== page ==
State v. Minnesota Federal Savings & Loan Association

15 N.W.2d 568 (1944)

From our private database of 46,100+ case briefs, written and edited by humans—never with AI.

State v. Minnesota Federal Savings & Loan Association

Minnesota Supreme Court
15 N.W.2d 568 (1944)

  • Written by Robert Cane, JD

Facts

The Minnesota legislature enacted the Minnesota Income Tax Act. The Income Tax Act provided that credit unions were exempt from the Minnesota income or franchise tax. Savings-and-loan associations (savings associations) were not exempt. Credit unions and savings associations are similar in that both receive money from local depositors, both lend money to members, both allow their members to vote on matters, and both are required to set aside substantial deposit reserves. However, credit unions and savings associations are different in several important respects. Savings associations make loans secured by property. Credit unions make mostly personal loans. Credit unions deal with members united by some sort of common bond or group membership. Savings associations deal with a much larger and undefined group of potential customers. Credit unions are supervised by a state official. Savings associations are supervised by a federal board. Credit unions do make loans secured by property, but not to the extent that a savings association makes secured loans. Credit unions have a community of interest among their members that the larger savings associations simply cannot replicate. Minnesota Federal Savings and Loan Association (Minnesota Federal) (defendant) was a savings-and-loan association, which made it ineligible for the tax exemption provided to credit unions. The State of Minnesota (plaintiff) brought an action to collect taxes owed by Minnesota Federal. Minnesota Federal claimed that the state law exempting credit unions from the income or franchise tax violated the uniformity provision of the Minnesota Constitution and the Equal Protection Clause of the Fourteenth Amendment to the United States Constitution because it treated credit unions and savings-and-loan associations differently despite a lack of substantial differences between the two types of institutions. The trial court entered judgment for the state. Minnesota Federal appealed.

Rule of Law

Issue

Holding and Reasoning (Magney, J.)

What to do next…

  1. Unlock this case brief with a free (no-commitment) trial membership of Quimbee.

    You’ll be in good company: Quimbee is one of the most widely used and trusted sites for law students, serving more than 745,000 law students since 2011. Some law schools—such as Yale, Berkeley, and Northwestern—even subscribe directly to Quimbee for all their law students.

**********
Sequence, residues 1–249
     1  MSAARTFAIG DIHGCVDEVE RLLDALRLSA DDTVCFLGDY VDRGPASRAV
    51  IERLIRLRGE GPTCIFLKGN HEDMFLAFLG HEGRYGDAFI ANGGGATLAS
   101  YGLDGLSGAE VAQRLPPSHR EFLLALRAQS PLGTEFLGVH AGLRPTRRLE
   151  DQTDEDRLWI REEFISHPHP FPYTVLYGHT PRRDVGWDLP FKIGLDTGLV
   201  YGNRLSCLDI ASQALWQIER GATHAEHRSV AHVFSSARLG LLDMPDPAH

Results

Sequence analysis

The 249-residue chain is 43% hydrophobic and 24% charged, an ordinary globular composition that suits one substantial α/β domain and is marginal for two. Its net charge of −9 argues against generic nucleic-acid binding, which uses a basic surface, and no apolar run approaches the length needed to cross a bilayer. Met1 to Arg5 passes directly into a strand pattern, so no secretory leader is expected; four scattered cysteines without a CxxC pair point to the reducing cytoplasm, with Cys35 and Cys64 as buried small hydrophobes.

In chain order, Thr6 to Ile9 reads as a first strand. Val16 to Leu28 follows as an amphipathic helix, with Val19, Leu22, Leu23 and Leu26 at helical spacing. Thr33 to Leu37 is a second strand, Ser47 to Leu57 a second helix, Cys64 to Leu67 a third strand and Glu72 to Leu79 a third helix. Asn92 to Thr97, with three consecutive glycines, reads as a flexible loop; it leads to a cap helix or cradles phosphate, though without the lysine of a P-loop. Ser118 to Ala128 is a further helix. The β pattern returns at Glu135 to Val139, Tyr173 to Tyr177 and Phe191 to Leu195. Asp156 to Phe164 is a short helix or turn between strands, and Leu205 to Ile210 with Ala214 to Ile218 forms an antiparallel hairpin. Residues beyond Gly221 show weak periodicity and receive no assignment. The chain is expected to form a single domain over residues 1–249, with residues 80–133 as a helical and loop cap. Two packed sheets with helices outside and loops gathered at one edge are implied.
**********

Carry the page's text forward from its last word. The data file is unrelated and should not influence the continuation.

Unlock this case briefRead our student testimonials
  2. Learn more about Quimbee’s unique (and proven) approach to achieving great grades at law school.

    Quimbee is a company hell-bent on one thing: helping you get an “A” in every course you take in law school, so you can graduate at the top of your class and get a high-paying law job. We’re not just a study aid for law students; we’re the study aid for law students.

    Learn about our approachRead more about Quimbee

Here's why 745,000 law students have relied on our case briefs:

  • Written by law professors and practitioners, not other law students. 46,100 briefs, keyed to 987 casebooks. Top-notch customer support.
  • The right amount of information, includes the facts, issues, rule of law, holding and reasoning, and any concurrences and dissents.
  • Access in your classes, works on your mobile and tablet. Massive library of related video lessons and high quality multiple-choice questions.
  • Easy to use, uniform format for every case brief. Written in plain English, not in legalese. Our briefs summarize and simplify; they don’t just repeat the court’s language.

Access this case brief for FREE

With a 7-day free trial membership
Here's why 745,000 law students have relied on our case briefs:
  • Reliable - written by law professors and practitioners, not other law students
  • The right length and amount of information - includes the facts, issue, rule of law, holding and reasoning, and any concurrences and dissents
  • Access in your class - works on your mobile and tablet
  • 46,100 briefs - keyed to 987 casebooks
  • Uniform format for every case brief
  • Written in plain English - not in legalese and not just repeating the court's language
  • Massive library of related video lessons - and practice questions
  • Top-notch customer support

Access this case brief for FREE

With a 7-day free trial membership